In Monday’s Times-Picayune, FBC-NO pastor David Crosby wrote an op-ed column under this title. Here it is in its entirety:
Not too long ago, a well-intentioned fellow from somewhere else began to tell me what he thought we should do to return our city to “normal.” I stopped listening immediately.
Processing the encounter later, I realized that I have reached my limit on helpful suggestions from well-meaning advisers. Outsiders may not realize how familiar residents of New Orleans are with our own failures–before and since the storm. This list is crafted to help family members and friends avoid blunders that can kill a conversation or incite civil unrest. I’ve heard all of these questions and comments in one form or another over the last few months.
“Hey, why don’t you guys clean up this mess?”
We’re working as hard as we can. The implication that we have not been working is an insult and does not recognize the amazing expenditure of energy and time and resources in the flood zone this past year. I calculate that if every barge and train and sea-going vessel that visits the Port of New Orleans were to haul nothing but debris, it would take 18 months to clean up the destruction of our city. And that’s if the debris were all neatly packaged and ready for containers. Just the ruined mattresses, lined up, would stretch from here to Chicago.
We’ve made a lot of progress in the first year. We fight the discouragement of knowing that we have just begun. This is going to take years.
“When my neighbor’s roof sprung a leak, we all pitched in and fixed it.”
No situation you’ve ever experienced in your past is anything close to the scale of this destruction. No neighbors are left to pitch in. Everyone’s hammers and kitchens and garages and vehicles are gone. In fact, the neighborhood itself is gone, along with all its landmarks and stores.
“If you think this is bd, you should have seen Blanktown after the tornado.”
You may believe that it will comfort us to know that you have seen worse. We just don’t believe it. Multiply your tornado damage by 10,000 and you might get close to what happened to us. Every day I struggle again to fully comprehend the breadth and depth of this tragedy. It’s the hardest thing I do–experiencing the devastation visually and relationally every day.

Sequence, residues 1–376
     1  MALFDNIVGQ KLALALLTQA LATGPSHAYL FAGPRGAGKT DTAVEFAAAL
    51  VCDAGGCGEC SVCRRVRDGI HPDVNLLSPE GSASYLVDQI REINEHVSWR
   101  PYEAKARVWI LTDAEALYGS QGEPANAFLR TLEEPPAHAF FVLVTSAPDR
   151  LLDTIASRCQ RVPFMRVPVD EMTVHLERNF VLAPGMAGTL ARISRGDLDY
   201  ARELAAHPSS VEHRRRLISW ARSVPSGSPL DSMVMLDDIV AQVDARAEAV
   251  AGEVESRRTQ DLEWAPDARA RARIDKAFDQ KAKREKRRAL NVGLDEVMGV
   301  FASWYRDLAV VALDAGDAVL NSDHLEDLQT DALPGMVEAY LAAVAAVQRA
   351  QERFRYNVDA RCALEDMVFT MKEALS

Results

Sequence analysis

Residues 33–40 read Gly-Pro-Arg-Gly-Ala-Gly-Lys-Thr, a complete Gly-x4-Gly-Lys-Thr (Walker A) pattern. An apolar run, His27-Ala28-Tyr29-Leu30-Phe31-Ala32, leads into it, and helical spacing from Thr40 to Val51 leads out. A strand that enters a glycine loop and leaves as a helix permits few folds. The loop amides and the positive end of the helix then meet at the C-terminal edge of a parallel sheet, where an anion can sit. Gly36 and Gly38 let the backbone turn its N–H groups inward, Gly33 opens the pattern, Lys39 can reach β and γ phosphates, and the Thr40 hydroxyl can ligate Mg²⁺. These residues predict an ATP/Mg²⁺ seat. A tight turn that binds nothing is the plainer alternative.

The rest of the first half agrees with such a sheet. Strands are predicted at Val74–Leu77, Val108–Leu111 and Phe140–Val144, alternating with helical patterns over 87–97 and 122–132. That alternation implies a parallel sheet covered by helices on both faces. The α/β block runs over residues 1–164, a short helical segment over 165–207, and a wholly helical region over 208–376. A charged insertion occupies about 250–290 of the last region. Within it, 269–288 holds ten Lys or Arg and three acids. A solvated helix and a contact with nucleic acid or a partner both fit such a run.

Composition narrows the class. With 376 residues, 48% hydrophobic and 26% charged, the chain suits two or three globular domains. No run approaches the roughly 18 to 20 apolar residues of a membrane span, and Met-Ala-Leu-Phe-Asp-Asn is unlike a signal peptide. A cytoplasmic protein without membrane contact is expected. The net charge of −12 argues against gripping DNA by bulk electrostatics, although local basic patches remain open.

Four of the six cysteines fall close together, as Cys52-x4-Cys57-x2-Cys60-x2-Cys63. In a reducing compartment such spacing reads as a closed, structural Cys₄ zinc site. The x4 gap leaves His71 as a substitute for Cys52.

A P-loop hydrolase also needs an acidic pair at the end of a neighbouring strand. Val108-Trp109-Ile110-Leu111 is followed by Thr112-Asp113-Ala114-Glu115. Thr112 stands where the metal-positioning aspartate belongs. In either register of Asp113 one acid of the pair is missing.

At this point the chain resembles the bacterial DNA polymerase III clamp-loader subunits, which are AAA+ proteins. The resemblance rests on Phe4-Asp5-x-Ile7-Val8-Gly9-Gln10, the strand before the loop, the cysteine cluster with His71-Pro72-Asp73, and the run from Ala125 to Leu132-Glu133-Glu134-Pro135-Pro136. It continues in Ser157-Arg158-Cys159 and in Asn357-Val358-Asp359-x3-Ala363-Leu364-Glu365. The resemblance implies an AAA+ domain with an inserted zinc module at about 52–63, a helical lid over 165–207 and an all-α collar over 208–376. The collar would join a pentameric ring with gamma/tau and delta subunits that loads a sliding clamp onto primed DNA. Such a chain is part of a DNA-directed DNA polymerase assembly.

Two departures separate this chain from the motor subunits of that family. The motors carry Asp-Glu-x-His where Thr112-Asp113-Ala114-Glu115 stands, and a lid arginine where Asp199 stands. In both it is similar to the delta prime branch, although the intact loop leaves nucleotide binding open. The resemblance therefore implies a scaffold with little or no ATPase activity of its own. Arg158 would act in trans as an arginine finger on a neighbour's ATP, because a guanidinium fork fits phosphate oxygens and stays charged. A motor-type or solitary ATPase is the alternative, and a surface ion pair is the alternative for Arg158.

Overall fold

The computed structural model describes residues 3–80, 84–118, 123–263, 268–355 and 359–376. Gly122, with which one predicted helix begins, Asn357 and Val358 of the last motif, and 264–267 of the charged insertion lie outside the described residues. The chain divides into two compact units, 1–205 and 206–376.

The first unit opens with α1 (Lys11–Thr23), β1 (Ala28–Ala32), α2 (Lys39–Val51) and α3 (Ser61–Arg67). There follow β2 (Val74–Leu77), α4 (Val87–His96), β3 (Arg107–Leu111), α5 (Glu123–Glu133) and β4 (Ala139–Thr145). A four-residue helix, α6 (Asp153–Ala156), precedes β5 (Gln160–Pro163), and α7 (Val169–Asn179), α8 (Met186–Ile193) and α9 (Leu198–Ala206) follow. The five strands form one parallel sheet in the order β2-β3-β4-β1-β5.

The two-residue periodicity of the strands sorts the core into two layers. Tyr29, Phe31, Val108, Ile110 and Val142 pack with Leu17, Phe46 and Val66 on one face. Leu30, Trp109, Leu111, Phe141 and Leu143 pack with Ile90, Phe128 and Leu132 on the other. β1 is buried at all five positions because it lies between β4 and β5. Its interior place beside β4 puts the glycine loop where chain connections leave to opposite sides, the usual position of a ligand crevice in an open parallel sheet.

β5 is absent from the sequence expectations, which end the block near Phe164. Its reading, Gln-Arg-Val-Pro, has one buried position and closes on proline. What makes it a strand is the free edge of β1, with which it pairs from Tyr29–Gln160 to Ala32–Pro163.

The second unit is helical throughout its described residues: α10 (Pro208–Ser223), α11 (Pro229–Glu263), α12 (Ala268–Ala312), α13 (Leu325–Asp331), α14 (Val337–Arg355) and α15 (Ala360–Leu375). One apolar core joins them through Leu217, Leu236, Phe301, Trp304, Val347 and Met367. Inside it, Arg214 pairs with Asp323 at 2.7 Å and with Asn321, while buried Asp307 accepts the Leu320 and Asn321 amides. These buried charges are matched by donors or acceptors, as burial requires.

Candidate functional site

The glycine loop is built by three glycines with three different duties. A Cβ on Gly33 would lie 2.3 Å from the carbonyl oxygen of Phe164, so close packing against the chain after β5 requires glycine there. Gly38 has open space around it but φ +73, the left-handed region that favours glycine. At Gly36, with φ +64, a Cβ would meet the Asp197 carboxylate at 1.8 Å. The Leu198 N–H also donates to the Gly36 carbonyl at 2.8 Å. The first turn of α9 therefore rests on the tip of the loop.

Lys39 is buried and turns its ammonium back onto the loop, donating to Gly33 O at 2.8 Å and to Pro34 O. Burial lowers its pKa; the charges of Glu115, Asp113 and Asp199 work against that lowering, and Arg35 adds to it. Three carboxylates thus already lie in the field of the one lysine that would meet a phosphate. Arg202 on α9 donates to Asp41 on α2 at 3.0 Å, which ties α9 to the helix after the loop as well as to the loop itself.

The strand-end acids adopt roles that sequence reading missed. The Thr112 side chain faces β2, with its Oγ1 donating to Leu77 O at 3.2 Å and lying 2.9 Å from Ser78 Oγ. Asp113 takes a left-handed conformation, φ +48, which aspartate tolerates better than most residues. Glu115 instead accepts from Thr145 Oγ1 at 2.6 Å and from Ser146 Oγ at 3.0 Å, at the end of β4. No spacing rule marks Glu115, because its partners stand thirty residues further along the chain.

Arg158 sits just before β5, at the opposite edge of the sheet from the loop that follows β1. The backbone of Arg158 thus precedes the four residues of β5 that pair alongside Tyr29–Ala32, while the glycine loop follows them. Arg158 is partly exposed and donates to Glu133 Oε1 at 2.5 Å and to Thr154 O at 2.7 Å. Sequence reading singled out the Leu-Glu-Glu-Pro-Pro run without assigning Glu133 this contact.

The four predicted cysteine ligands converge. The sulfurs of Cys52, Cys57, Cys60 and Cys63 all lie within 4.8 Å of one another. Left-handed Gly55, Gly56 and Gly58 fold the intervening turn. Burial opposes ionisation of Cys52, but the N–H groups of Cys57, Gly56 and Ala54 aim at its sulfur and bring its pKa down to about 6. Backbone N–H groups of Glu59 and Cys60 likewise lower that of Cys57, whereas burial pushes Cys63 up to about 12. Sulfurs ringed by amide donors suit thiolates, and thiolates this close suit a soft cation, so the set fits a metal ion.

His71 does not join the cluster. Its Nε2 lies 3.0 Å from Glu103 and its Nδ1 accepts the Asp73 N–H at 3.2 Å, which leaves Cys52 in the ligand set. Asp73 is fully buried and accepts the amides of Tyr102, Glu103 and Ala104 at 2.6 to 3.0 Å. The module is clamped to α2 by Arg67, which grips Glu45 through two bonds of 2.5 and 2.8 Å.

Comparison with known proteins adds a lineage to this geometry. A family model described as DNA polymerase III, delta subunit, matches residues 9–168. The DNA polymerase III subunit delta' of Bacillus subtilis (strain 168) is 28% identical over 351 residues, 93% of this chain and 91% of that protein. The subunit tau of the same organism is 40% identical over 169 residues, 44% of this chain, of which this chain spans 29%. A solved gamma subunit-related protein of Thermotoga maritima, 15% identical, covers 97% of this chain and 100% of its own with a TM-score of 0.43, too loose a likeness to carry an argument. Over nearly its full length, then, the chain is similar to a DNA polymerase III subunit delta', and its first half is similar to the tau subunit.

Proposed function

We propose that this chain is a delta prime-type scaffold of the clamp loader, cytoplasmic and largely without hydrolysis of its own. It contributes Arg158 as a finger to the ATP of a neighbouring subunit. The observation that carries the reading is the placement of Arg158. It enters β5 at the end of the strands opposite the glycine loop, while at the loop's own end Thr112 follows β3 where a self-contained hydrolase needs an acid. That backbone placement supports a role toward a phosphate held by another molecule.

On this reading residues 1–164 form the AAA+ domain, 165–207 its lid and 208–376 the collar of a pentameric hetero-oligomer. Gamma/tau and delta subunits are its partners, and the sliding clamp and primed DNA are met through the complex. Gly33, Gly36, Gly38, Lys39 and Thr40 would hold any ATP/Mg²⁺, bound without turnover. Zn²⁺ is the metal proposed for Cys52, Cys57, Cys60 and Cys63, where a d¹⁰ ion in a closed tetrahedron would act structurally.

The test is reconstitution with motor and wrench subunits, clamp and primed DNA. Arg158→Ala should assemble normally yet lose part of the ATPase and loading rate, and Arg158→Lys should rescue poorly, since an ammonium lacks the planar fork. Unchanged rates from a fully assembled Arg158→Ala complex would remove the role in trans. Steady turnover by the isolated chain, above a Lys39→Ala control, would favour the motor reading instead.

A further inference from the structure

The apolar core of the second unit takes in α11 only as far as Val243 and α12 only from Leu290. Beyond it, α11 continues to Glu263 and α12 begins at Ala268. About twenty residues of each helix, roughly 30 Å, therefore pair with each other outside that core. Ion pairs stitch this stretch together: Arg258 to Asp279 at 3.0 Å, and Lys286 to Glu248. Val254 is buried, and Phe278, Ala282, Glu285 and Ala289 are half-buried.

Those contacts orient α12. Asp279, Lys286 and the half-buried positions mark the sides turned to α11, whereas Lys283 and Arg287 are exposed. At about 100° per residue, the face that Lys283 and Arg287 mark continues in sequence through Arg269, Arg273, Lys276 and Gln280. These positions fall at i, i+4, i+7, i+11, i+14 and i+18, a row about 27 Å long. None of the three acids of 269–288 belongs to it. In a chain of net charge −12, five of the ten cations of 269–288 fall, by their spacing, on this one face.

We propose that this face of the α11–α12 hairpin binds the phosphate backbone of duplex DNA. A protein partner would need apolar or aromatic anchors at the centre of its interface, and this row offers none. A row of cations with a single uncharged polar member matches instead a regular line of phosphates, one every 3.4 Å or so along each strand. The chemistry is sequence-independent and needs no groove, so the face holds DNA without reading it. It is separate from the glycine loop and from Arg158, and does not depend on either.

“It’s been a year. You need to get over it.”
The problem is–it’s not over. Just yesterday my good friend announced his departure to Texas. An elderly couple decided they were too old to be part of this task and will move to Mississippi.
My insurance bill just arrived, and it’s 80 percent more than last year. The countertops won’t be here until October.
My child’s friend lost her dad to suicide. Thieves stole my air conditioning unit. The parish clerk cannot find my marriage license.
No lawyer is left to render defense in a court ysstem that’s almost shut down. And 80 percent of the psychiatrists have departed permanently–just when we needed them the most.
We are living in a continuing urban disaster of unprecedented proportions. It’s living in emergency mode as a way of life. It’s 12 hours of commuting and working, two hours of repairing bathrooms and kitchens, and six hours of “rest” in a FEMA trailer with the wife and kids.
I can’t get over it, and I won’t. What I have to do is somehow stay healthy spiritually as I integrate this into my heart and soul. So I am mustering all my faith and love and hope trying to stay positive in my upside-down world.
“God’s not through. He’s gonna wipe y’all out next time.”
The Book of Job records that Job’s friends came to see him after the disaster. They sat in silence for seven days and did not say one word. (That would be a good start for the person who made this remark.)
Then Job’s friends made a mistake–they spoke. Everybody would have been a lot happier if they had just sat in silence for seven more days–or years.
Maybe God aimed Katrina at New Orleans. Maybe the Devil did it. Maybe it was highs and lows and prevailing winds and water temperatures in the Gulf. But one thing is sure–you don’t know. So don’t tell me you do. I don’t want to hear it.
“Say, could I get your picture standing on what’s left of your house?”
We’re still a little sensitive about our stuff, even if it is piled out on the street. Maybe especially then. This debris represents the material accumulation of many years of hard work. It’s junk now. We know that. But we’re not too eager to pose with our pain yet. We haven’t put on our makeup, and we look a mess. This may have been the most photographed city in America before the storm, and maybe that’s still the case. But for now, I’ll pass on the picture.